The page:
Paul Letendre, MD – Hematology and Medical Oncology

Paul Letendre, MD – Hematology and Medical Oncology


My name is Paul Letendre, and I’m a medical oncologist/hematologist here at Gundersen in the Cancer Center. My approach as a physician in oncology is kind of threefold. First and foremost is patient care. And with that the care of their loved ones
and family who join with them. Cancer is quite a large, potentially life-altering diagnosis, and most of my daily activity revolves around meeting the needs of patients both in mind,
body and in spirit, however I can help. Each patient has a lot of unknowns, questions, uncertainties that they may have, and so first and foremost it’s
really patient-centered care. Secondly would be education. Providing
education to patients themselves about new therapies, and what’s coming up, what we can and can’t do
as well as education to their family members. Our role as physicians is really to provide
education for our patients and their loved ones and for them to be the ultimate decision makers. Also we have learners and are training
young physicians at the Cancer Center, and so that provides an opportunity for ongoing
learning and to stay relevant and up-to-date. And lastly research, particularly in the
field of oncology and cancer, things are growing very rapidly with new therapeutics coming out on what seems like a weekly basis. And we need to be part of that
and current with everything, and so a key foundation in
research is important as well. I think my favorite part of being a medical
oncologist is the relationships I’ve cultivated. Firstly with patients and their loved ones, this is a journey we go through, oftentimes a life-altering journey. And when patients come in there’s
fear of the unknown and what it is. And it’s very rewarding to be able to
establish a rapport with a patient, get to know them, know where
they’re coming from and their family. And then in an ideal world, years later we get to see them and follow up, and those relationships really grow. I get to see parents watch their kids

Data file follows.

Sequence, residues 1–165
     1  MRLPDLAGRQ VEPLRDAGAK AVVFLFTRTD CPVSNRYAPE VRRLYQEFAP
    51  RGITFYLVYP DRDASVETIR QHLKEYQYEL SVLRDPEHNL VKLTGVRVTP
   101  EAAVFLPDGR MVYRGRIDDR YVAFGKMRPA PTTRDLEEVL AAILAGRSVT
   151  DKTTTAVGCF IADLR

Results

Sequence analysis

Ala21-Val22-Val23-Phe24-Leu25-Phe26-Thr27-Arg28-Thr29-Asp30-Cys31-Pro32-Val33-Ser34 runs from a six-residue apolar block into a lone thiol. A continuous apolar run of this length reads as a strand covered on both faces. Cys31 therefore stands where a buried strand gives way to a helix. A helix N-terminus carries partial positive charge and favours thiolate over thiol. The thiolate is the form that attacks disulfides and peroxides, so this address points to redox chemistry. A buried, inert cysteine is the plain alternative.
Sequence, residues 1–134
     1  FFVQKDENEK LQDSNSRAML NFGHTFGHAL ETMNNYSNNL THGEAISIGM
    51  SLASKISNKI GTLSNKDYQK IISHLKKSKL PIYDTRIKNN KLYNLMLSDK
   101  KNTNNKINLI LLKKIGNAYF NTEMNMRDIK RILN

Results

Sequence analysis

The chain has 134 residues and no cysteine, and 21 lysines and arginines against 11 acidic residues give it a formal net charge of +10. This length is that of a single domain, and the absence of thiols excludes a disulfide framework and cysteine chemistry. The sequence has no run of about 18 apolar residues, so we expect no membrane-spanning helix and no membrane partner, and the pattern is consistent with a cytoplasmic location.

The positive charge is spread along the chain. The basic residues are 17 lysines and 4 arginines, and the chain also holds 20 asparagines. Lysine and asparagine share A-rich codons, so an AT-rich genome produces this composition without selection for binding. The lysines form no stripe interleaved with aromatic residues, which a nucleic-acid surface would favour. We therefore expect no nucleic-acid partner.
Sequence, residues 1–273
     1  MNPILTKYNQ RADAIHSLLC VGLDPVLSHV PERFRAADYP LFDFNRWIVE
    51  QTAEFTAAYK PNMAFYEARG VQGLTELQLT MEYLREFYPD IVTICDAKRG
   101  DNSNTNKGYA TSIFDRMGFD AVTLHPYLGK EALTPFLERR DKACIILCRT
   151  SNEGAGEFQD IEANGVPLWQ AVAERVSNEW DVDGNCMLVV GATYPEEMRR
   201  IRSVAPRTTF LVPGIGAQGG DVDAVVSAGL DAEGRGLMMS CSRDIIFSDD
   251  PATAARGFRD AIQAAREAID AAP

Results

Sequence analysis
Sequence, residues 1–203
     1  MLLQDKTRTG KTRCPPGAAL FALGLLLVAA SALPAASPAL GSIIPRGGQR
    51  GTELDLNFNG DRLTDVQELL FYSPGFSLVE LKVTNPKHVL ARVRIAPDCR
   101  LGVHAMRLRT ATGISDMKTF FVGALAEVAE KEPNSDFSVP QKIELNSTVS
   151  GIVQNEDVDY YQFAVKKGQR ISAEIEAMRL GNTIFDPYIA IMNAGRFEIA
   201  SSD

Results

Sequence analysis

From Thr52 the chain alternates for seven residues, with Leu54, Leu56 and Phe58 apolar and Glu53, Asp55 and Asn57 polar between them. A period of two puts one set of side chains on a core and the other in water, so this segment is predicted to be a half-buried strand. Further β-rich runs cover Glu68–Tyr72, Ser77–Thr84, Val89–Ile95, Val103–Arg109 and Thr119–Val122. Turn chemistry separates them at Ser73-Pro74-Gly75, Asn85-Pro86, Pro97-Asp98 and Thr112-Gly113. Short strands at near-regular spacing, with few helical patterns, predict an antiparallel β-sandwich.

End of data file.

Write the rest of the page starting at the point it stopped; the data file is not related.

graduate or grandparents get to go to their children’s weddings and that’s really impactful. And then of course there’s the interdisciplinary team
and the relationships I’ve made at the hospital. Here at Gundersen we have a whole interdisciplinary team made up of radiation oncologists, medical oncologists, surgeons,
therapists, nurses, pharmacists, and I interact with each of them
on a daily basis with patient care. And so those relationships are very
important to me as well. My decision to go into medicine was actually
a little later than most people. I sustained a pretty significant injury in my early 20s
and ended up being in the hospital for a prolonged time requiring several surgeries. And during that time I was just in awe and mesmerized by how well everyone worked as a team, from nurses to therapists to doctors all communicating and working for the common good which in this case was me. And so I was really drawn and
attracted to that part of medicine. And so since then I’ve always
wanted to be part of the team. I think having been a patient, I do understand
some of the intricacies of what you need. It’s not always oh my foot hurts. Sometimes it’s just knowing the doctor or the nurse
took a minute to listen to you or someone went that extra mile and brought you
something extra that they didn’t need to. Something to read, an extra chocolate milk if you’re thirsty, any of those things. And it’s in the detail as a patient that you really
start to notice how much people care and are truly here as a vocation and in
a desire to help you the patient.

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